Egypt: Teacher accused of insulting Islam detained

May 18, 2013 by  
Filed under newsletter-asia

 

 

Demiana Ebeid Abdelnour

Demiana Ebeid Abdelnour

Egypt, May 14, 2013: A 24-year-old Christian teacher in Egypt detained over allegations that she defamed Islam during a school lesson has gone on hunger strike.

Demiana Ebeid Abdelnour, who teaches social science in Luxor, was arrested on 8 May after the parents of three children accused her of insulting Islam and Muhammad.

She was initially ordered to be held for four days, but this period was extended on Saturday (11 May) to a further 15 days. Demiana started a hunger strike on 10 May; she has not been allowed to be transferred from prison to hospital.

Amnesty International has called for the Christian’s immediate release and for the criminal case against her to be dropped. Hassiba Hadj Sahraoui, Deputy Middle East and North Africa Programme Director, said:

It is outrageous that a teacher finds herself behind bars for teaching a class. If she made some professional mistake, or deviated from the school curriculum, an internal review should have sufficed.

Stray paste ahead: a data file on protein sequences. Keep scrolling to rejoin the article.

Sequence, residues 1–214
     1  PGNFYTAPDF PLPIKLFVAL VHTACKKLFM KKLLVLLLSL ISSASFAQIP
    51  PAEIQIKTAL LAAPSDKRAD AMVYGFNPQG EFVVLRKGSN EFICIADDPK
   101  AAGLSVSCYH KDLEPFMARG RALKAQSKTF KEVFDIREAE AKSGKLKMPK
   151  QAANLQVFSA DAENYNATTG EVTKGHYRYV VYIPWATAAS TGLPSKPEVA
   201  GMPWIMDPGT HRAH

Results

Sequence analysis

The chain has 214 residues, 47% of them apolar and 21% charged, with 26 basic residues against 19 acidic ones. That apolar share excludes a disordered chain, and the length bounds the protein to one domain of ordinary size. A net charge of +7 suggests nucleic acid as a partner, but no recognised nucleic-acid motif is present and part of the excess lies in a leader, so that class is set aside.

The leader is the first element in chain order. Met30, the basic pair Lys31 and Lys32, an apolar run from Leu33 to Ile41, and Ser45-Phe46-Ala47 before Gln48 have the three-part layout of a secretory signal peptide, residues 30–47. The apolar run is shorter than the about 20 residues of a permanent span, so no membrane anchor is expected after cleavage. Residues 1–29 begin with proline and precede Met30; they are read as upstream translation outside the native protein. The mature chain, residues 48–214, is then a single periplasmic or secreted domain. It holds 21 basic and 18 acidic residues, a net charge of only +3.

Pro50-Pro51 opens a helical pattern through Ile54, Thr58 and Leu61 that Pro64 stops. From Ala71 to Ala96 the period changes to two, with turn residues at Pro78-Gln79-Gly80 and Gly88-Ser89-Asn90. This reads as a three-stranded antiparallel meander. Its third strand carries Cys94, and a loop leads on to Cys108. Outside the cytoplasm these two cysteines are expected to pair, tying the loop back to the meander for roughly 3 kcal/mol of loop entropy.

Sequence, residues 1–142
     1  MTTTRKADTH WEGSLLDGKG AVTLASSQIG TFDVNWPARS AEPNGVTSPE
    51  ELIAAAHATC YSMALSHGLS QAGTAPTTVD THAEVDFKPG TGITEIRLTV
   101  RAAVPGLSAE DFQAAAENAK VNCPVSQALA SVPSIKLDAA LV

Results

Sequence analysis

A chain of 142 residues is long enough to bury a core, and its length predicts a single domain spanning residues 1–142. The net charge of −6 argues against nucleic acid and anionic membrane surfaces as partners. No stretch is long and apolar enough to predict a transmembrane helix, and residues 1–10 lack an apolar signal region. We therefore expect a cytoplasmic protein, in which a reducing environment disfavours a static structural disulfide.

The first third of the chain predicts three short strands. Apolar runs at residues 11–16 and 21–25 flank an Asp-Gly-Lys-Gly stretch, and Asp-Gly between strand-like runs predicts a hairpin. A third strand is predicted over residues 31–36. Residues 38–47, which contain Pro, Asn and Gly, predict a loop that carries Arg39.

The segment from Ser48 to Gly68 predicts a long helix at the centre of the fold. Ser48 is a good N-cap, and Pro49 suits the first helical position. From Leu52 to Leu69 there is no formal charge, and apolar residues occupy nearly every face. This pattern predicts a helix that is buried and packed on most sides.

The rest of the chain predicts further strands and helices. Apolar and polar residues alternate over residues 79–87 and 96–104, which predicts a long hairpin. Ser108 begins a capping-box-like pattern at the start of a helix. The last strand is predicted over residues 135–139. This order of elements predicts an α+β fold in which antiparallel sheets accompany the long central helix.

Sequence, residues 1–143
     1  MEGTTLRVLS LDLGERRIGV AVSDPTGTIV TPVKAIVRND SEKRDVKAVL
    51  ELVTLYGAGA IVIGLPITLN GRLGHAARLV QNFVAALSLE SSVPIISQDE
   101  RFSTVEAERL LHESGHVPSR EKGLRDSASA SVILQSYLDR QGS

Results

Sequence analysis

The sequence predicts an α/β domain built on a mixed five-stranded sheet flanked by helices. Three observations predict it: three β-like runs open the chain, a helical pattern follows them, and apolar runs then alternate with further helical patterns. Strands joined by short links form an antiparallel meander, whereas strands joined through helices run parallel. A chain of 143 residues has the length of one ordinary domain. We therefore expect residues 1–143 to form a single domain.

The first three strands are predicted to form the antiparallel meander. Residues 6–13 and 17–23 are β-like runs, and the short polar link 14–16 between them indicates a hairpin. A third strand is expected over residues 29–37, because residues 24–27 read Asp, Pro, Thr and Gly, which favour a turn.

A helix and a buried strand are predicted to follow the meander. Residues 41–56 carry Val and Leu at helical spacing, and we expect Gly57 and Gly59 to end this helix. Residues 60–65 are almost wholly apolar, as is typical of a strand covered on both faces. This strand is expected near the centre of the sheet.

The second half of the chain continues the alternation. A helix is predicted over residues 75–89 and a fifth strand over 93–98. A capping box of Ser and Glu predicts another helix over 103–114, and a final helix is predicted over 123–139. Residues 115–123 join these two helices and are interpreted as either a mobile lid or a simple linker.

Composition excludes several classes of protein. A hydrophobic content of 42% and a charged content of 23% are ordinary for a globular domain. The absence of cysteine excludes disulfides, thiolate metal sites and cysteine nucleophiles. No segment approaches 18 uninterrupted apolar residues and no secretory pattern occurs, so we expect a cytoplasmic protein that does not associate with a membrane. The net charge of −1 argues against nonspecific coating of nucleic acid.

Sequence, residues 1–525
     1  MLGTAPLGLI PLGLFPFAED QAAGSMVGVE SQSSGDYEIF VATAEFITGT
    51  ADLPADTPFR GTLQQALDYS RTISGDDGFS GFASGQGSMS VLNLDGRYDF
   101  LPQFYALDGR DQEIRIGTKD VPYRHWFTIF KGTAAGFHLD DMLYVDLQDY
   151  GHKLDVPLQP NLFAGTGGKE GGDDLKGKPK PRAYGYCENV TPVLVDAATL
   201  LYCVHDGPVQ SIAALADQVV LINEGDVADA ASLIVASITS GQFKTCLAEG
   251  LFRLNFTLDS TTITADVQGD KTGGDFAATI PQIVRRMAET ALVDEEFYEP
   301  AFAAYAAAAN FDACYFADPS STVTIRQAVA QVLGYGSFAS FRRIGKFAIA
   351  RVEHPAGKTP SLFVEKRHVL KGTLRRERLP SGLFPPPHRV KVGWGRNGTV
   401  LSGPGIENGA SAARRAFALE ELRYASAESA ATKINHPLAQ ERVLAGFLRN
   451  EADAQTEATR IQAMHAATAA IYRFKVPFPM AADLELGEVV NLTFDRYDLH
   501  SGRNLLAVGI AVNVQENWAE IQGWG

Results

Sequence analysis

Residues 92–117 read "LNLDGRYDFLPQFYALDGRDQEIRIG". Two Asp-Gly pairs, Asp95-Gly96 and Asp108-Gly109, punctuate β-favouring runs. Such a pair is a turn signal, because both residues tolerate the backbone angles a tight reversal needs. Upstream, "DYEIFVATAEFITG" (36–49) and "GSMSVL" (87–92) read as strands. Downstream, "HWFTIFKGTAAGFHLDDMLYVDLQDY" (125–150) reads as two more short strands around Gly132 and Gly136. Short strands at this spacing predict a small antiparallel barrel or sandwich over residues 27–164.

The accusations against Demiana, who taught at three different schools, were made following a lesson she gave at one school on 8 April about religious life at the time of the pharaohs. Two days later, she was told that she could no longer teach at this particular school because she had been accused of defaming Islam.

Demiana was questioned by three committees, to which she denied the allegations and was absolved. But the local education department nevertheless suspended her pending further investigation.

The teacher’s union has upheld her innocence and said that it has assembled a team of lawyers to defend her.

Since the Egyptian revolution, a number of Christians have been jailed for defaming Islam.

Makram Diab, a school secretary, was given double the maximum sentence for Defamation of Religion following a dispute with a Muslim colleague in February 2012.

Gamal Abdou Massoud (17) was jailed in April 2012 for three years for posting cartoons deemed insulting to Islam on his Facebook page. This followed a similar case in November 2011 involving 23-year-old Christian, Ayman Youssef Mansour, who was also sentenced to three years in prison for comments he wrote on his Facebook page that were considered derogatory to Islam.

Amnesty’s Hassiba Hadj Sahraoui said:

Any laws barring such speech violate freedom of expression, and are in breach of Egypt’s international obligations under the International Covenant on Civil and Political Rights.

– barnabas team

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